Using the R “apply” family with oce objects


In the oce package, the various different data formats are stored in consistently structured objects. In this post, I’ll explore a way to access elements of multiple oce objects using the R lapply(), from the apply family of functions.

Example with a ctd object

The objects always contain three fields (or “slots”): metadata, data, and processingLog. The layout of the object can be visualized using the str() command, like:


which produces something like:

Formal class 'ctd' [package "oce"] with 3 slots
  ..@ metadata     :List of 26
  .. ..$ header                  : chr [1:42] "* Sea-Bird SBE 25 Data File:"
  .. ..$ type                    : chr "SBE"
  .. ..$ conductivityUnit        : chr "ratio"
  .. ..$ temperatureUnit         : chr "IPTS-68"
  .. ..$ systemUploadTime        : POSIXct[1:1], format: "2003-10-15 11:38:38"
  .. ..$ station                 : chr "Stn 2"
  .. ..$ date                    : POSIXct[1:1], format: "2003-10-15 11:38:38"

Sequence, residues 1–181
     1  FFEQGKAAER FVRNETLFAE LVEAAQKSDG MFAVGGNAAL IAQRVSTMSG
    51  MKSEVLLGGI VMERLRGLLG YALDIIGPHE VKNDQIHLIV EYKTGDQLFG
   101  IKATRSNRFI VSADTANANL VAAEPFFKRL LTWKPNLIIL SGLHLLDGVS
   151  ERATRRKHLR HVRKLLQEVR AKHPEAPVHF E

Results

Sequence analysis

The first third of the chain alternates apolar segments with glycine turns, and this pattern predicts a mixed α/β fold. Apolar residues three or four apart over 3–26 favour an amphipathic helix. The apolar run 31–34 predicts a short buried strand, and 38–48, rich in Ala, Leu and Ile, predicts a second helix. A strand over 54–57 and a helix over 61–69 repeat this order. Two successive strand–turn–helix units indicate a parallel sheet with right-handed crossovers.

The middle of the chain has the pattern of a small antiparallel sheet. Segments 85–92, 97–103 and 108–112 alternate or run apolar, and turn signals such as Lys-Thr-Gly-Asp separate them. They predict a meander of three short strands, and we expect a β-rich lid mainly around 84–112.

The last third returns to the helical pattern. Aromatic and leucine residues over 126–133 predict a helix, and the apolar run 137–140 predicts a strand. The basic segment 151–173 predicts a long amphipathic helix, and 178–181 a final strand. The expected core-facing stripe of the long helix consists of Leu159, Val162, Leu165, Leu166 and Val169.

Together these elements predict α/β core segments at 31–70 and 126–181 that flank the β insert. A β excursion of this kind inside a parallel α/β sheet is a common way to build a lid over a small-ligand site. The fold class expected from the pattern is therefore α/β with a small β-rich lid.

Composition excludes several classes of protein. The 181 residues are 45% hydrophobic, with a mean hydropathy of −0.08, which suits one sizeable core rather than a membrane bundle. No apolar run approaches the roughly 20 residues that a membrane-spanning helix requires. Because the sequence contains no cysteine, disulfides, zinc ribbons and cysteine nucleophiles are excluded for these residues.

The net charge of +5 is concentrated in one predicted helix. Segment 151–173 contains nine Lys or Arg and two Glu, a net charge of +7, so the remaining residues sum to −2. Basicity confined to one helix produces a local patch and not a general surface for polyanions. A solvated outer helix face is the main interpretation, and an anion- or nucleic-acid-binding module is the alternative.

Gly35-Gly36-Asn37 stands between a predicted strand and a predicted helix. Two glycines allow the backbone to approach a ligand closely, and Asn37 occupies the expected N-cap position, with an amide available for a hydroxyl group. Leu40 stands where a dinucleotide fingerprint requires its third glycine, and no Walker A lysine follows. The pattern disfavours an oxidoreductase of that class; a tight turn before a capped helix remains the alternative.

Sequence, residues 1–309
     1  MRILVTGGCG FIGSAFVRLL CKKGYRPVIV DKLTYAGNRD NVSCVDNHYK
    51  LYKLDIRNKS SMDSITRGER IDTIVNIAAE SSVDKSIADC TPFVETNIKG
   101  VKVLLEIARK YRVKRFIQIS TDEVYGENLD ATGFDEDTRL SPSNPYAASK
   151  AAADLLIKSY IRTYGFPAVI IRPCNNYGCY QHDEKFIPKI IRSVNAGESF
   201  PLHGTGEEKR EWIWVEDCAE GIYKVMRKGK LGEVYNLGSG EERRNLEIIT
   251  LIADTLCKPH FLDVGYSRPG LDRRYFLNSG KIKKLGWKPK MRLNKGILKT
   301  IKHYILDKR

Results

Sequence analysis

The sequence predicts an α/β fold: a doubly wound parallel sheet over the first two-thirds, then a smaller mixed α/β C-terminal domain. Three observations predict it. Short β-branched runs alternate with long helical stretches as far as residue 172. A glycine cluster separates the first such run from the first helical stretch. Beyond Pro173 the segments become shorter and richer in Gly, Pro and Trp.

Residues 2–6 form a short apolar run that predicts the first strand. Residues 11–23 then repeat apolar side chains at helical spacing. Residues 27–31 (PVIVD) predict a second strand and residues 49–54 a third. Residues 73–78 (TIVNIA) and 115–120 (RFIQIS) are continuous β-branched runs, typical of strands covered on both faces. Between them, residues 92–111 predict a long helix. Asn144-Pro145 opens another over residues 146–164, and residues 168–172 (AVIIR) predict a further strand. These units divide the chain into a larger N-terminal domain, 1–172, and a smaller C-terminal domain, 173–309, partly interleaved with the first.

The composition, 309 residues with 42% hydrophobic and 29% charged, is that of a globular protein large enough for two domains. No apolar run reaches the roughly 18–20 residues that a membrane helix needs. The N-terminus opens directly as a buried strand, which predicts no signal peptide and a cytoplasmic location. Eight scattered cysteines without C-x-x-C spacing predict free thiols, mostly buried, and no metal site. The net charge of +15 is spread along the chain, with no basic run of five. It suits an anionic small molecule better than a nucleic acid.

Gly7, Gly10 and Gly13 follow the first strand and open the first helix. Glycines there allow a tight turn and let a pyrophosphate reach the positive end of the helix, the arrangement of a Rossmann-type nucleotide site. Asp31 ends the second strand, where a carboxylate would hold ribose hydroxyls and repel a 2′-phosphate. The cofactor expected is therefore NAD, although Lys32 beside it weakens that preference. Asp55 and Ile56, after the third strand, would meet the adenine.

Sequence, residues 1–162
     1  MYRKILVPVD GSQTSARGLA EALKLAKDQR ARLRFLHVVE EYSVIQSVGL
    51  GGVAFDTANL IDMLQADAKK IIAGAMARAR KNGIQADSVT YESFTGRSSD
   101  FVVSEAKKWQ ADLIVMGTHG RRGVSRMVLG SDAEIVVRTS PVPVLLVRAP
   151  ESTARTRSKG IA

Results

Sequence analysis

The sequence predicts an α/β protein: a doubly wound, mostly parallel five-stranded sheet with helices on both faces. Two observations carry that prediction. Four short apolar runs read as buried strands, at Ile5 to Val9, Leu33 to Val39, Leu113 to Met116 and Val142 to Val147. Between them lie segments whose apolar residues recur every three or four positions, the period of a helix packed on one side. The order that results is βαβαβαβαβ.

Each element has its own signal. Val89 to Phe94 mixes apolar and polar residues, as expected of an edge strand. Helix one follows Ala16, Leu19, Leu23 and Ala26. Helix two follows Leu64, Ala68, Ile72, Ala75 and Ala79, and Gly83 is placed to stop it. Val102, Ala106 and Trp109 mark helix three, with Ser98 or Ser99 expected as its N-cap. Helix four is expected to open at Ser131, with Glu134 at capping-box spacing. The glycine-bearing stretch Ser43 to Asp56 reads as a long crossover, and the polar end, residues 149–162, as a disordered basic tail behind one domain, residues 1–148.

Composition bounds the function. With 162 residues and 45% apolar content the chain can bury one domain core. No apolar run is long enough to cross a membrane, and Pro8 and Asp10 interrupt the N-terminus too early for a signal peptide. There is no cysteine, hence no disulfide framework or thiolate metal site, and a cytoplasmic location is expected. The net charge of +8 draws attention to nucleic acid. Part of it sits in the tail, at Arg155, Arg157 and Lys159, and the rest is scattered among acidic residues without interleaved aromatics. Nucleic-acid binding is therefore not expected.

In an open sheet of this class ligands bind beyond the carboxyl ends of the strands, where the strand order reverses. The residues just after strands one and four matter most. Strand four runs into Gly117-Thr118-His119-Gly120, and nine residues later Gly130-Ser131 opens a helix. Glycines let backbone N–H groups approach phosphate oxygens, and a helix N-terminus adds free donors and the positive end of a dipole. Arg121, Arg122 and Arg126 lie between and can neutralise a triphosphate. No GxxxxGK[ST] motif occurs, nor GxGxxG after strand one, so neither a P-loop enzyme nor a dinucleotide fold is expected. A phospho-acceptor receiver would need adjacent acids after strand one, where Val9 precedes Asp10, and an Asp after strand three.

.. ..$ startTime               : POSIXct[1:1], format: "2003-10-15 11:38:38"
  .. ..$ latitude                : num 44.7
  .. ..$ longitude               : num -63.6
  ..@ data         :List of 9
  .. ..$ scan         : int [1:181] 130 131 132 133 134 135 136 137 138 139 ...
  .. ..$ time         : num [1:181] 129 130 131 132 133 134 135 136 137 138 ...
  .. ..$ pressure     : num [1:181] 1.48 1.67 2.05 2.24 2.62 ...
  .. ..$ depth        : num [1:181] 1.47 1.66 2.04 2.23 2.6 ...
  .. ..$ temperature  : num [1:181] 14.2 14.2 14.2 14.2 14.2 ...
  .. ..$ salinity     : num [1:181] 29.9 29.9 29.9 29.9 29.9 ...
  .. ..$ temperature68: num [1:181] 14.2 14.2 14.2 14.2 14.2 ...
  ..@ processingLog:List of 2
  .. ..$ time : POSIXct[1:5], format: "2015-08-18 19:22:36" "2015-08-18 19:22:36" ...
  .. ..$ value: chr [1:5] "create 'ctd' object" "ctdAddColumn(x = res, column = swSigmaTheta(res@data$salinity,     res@data$temperature, res@data$pressure), name = "sigmaThet"| __truncated__ "read.ctd.sbe(file = file, processingLog = processingLog)" "converted temperature from IPTS-69 to ITS-90" ...